Also, consider writing an original tweet and linking to the same piece that the retweet linked to, with a source cited at the end, like this: “via @person” or “h/t @person” Variety is key here.

The Anatomy of a Tweet: Expert Business Composition on Twitter Link to a relevant article that shows your client’s expertise.

Paid Tweets

We’ve covered Twitter Ads in the past, specifically Twitter’s new Card format. We have an updated article in the works to reflect recent changes that Twitter has made, but the important thing is that the Twitter Card format is now everywhere. Here are the different types of ad-based tweets you can do now:

Follower Campaign

Twitter recommends you don’t have a photo in this tweet, and hyperlinking is no longer allowed. A short and sweet call to action is wise here, especially if it talks about what benefit will gain from following your Twitter account.

Tweet Like a Pro: The different approaches to using Twitter for business Keep it short, and you’ll encourage many follows.

Tweet Engagement

A tweet that has one or all of the following is wise here: a call to action, a hyperlink to something that will engage the audience, and a photo that does the same. (Around 1,000 x 500 is good for a non-Card Twitter ad image.)

Use a URL shortener for these, preferably Google URL Shortener as it’s free and provides a wealth of analytics data. After you’ve composed the Tweet, your followers will see it in their feeds, and if you promote it soon after, you’ll reach an even wider audience.

The Anatomy of a Tweet: Expert Business Composition on Twitter Promote something new your brand has to offer.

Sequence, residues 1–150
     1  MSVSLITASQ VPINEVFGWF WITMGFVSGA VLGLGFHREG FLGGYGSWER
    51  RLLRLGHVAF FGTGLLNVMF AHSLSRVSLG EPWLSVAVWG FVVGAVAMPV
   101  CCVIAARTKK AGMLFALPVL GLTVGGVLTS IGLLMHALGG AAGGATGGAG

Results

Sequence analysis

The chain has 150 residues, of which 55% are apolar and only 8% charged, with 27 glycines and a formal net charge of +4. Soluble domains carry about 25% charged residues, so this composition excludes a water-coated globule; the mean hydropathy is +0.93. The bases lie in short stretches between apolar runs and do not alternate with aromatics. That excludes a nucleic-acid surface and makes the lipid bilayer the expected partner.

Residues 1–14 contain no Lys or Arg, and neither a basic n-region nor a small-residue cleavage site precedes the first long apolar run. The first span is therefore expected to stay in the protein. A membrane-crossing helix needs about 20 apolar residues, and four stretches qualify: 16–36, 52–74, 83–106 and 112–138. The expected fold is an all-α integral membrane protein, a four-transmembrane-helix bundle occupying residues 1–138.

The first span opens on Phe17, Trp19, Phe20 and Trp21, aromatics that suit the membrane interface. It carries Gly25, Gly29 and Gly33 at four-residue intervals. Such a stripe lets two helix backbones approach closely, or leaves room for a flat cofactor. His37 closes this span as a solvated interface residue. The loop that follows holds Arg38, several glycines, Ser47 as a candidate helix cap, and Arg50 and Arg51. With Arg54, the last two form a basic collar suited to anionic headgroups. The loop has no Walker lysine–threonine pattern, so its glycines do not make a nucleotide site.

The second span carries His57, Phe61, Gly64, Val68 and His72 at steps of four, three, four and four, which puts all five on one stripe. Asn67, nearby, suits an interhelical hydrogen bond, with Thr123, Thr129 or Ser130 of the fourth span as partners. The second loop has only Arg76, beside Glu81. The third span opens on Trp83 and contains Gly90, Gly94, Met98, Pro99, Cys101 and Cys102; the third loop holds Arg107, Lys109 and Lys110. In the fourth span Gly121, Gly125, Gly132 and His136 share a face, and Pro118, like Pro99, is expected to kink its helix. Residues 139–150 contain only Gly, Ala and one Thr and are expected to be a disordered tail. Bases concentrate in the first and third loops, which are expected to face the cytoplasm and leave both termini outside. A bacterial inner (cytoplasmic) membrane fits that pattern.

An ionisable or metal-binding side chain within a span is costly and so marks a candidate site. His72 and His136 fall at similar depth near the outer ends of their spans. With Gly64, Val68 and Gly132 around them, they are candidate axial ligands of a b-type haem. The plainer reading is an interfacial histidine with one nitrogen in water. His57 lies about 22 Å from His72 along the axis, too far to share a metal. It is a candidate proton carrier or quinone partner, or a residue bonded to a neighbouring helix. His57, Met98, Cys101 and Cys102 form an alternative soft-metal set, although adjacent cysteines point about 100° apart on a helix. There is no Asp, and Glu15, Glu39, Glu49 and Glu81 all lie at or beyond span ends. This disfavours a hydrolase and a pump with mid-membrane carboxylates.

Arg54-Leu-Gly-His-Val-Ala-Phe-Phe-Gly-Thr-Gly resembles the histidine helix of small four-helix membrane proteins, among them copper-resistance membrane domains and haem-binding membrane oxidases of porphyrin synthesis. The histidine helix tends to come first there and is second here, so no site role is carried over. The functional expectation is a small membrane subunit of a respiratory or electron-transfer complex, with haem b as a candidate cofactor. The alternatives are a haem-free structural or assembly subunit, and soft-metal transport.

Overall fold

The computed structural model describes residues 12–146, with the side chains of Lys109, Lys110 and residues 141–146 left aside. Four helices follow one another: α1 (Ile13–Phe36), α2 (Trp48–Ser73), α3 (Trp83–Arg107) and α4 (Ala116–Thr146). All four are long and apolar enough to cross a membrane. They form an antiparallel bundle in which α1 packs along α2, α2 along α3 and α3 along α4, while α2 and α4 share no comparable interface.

Website Clicks and Other Campaigns

Using the Twitter Card format, you’ll have 70 characters to use within the card itself as a headline, and the standard 140 characters to introduce the card. Plus, the image is squatter than a standard Twitter ad image: 1,000 by 400.

For the shorter ad blurb, talk directly about what’s in the image and include your call to action.

For the longer Tweet, go into what the product or service provides in plain language. Include a call to action here as well, because third-party Twitter apps might not show you the image right away.

Tweet Like a Pro: The different approaches to using Twitter for business

Bottom Line

You’ve only got 140 characters, so make them count. The goal is to make your brand look good, so follower numbers go up and your audience engages with your content. The ultimate goal is for brand awareness to be positive, not negative. Try not to be That Person who goes viral for the wrong reasons.

Are you a business that would be thrilled with engaging tweets that reach your audience? Contact StrataBlue today.

Taming the LinkedIn Advertising Beast

LinkedIn Advertising is a tough beast. Unlike Facebook and Twitter advertising, LinkedIn seems to have fallen behind in the “ad features” race. Because you’re limited in targeting ability, and because LinkedIn has but a fraction of the audience of Facebook or Twitter, you might wonder why it’s even worth advertising on LinkedIn at all. Here’s how I solved that dilemma.

First, don’t bother with display ads. They’re microscopic and get virtually no traction. What we’re after are Sponsored Updates, the LinkedIn equivalent of Facebook Promoted Posts. By crafting well thought out posts on your LinkedIn feed and then targeting them toward a specific audience, you can gain views, click-throughs and even LinkedIn followers en masse.

Craft your Post

First, go into your LinkedIn business page and compose an update. Be sure it has got a great accompanying image and a call to action, and make certain it links to your website. Use Google URL Builder and Google URL Shortener so you can track leads coming in from this ad. Post this update.

Sponsor It

Next, go into LinkedIn Ads and click Sponsor Content.

Name the campaign, choose the correct business page, and choose the post you just made. If you’re doing this really fast, you won’t see your post here — reload until it shows up.